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What are civil rights?
Civil rights can be defined in the simplest terms as our personal liberties or rights. Civil rights enforcement is the means by which the State of Maine protects those rights.
What is the The Maine Civil Rights Act?
In the State of Maine, the Attorney General enforces the Maine Civil Rights Act, a civil statute that authorizes the Attorney General to seek restraining orders against persons who commit violence, threats of violence, or property damage motivated by bias. These restraining orders are intended to ensure that the people in this State are afforded the rights guaranteed to them by the United States Constitution, and the Constitution and laws of Maine.
What is a the Civil Rights Team Project?
The Civil Rights Team Project (CRTP) is a school-based preventative program to combat hate violence, prejudice, harassment and bias in the schools. The CRTP builds a collaborative of students, faculty and community advisors who work together to create a safer environment for all students and to lower incidence of hate language in the school community. Through regional student and faculty trainings and in-service trainings on site, participant schools develop involved citizen behaviors that can reduce the incidence of bias language that too often leads to bias based threats and violence. Students learn intervention strategies and peer education strategies to reduce intolerance and build an understanding of Maine Civil Rights Act in the entire school community.
The CRTP attempts to create a structure within schools whereby teachers and students work together in a coordinated effort with state and local law enforcement to change the climate of intolerance and violence within schools. Equally important, the CRTP seeks to create alternative mechanisms through which students could alert someone of harassment before the harassment escalates to serious violence. The CRTP has grown from 18 middle and high schools in 1996 to more than 202 schools this year, including 11 elementary schools.
A Civil Rights Team consists of at least two faculty advisors, an average of ten to twelve students, and a community advisor (someone from the community who provides a means of connection and support outside the school system). At regional trainings in the fall, teams are grounded in the Civil Rights Act, develop team building and leadership skills, and learn more about civil rights and how they as a team can impact their school community. In the spring, teams participate in a statewide conference. The conference provides broad based information and experiences relating to civil rights, and allows teams from across the state to work interactively.
Teams meet weekly or bi-weekly in their schools. Teams projects include bulletin boards, assemblies, and surveys, to name just a few.
Regional Coordinator: Schools are supported in their efforts by a regional coordinator, who serves as the primary liaison between the school and the Department. The regional coordinators have expertise in working with schools and provide invaluable resource information and ongoing consultation to the schools.
Community Advisor: Schools are also supported in their efforts by a community advisor. The community advisor works with the Civil Rights Team and assists them in making connections with the larger community. The community advisor can also assist with locating resources for teams.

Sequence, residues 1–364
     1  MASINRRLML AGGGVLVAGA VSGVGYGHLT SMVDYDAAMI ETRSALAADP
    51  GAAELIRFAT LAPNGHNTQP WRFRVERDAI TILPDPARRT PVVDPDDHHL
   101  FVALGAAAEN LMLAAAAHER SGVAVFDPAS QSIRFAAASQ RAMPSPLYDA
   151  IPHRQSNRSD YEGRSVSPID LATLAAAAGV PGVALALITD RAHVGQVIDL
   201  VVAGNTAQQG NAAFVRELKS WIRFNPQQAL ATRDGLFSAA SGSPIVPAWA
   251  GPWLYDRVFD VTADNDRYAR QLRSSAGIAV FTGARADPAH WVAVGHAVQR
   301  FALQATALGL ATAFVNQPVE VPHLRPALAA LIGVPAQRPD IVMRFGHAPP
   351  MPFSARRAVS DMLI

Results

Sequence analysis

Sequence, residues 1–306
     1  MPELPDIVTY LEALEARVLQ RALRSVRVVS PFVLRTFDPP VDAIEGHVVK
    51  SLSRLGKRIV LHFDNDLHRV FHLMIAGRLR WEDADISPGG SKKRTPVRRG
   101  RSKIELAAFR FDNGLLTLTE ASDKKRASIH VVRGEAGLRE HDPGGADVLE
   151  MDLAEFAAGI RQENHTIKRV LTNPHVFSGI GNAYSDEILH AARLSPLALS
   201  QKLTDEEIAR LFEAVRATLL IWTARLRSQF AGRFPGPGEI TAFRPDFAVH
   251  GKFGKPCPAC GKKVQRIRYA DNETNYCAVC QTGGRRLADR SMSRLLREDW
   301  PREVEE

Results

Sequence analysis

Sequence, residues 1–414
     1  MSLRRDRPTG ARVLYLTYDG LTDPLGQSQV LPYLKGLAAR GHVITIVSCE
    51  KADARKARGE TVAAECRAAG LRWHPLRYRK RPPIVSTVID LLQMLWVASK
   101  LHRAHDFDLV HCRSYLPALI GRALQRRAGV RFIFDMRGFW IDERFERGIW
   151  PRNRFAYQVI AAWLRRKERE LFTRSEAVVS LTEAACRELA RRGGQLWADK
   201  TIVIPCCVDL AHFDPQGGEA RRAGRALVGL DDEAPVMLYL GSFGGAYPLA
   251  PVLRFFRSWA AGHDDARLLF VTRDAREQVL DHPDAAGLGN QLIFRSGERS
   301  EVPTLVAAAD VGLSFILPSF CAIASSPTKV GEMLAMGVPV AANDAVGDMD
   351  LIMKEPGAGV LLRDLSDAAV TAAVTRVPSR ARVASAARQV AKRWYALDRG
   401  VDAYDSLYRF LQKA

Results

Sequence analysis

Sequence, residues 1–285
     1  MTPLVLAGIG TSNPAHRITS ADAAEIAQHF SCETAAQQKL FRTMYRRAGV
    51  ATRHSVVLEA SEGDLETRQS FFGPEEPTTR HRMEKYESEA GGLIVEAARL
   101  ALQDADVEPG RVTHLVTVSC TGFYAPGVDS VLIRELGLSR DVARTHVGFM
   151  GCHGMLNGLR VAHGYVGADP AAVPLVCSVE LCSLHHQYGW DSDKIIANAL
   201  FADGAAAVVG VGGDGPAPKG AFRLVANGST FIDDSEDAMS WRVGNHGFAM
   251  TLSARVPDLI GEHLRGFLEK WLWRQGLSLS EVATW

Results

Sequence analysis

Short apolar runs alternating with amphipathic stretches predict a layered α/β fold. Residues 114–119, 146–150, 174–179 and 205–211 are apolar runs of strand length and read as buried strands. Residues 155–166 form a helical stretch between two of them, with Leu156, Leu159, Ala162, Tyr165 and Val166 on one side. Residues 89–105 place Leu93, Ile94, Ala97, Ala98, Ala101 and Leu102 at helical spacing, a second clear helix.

Mission Statement of the Civil Right Team Project
The mission of the Civil Rights Team Project is to increase the safety of high school, middle school and elementary school students and to reduce the incidence of bias-motivated harassment and violence in schools.
What doe the Mission Statement of the CRTP hope to accomplish?
To train, encourage and support student members of Civil Rights Teams to be leaders, in collaboration with their teachers, administrations, parents and community members in their school communities, and to develop the skills and confidence to address incidents of bias and harassment.
To develop a collaborative effort between the Office of the Attorney General, local law enforcement agencies, Maine schools, parents and community members to address issues of bias and prejudice.
To train and encourage teachers and administrators at schools to identify and respond to incidents of bias and harassment before those incidents escalate to serious violence.
The Projected Outcomes for the Civil Rights Teams Project:
To train, encourage and empower high school, middle school and elementary school student members of Civil Rights Teams to be leaders within their school communities on issues relating to confronting bias, prejudice and harassment.
To increase the awareness and responsiveness of faculty and administrators of the problem of bias, prejudice and harassment by conducting in-service trainings at each of the participating schools.
To increase the awareness and commitment of schools, parents, and community members to address the problem of bias-motivated harassment.
To foster constructive relationships between the local school department, the local police department and the Civil Rights Teams Project.
To improve the school experience for members of targeted groups (racial, religious, national origin, sexual orientation, etc.) by increasing their feelings of safety within their schools and their understanding that differences will be accepted.
To insure a school climate that will decrease both the incidents of bias-motivated harassment and the routine use of hate language.
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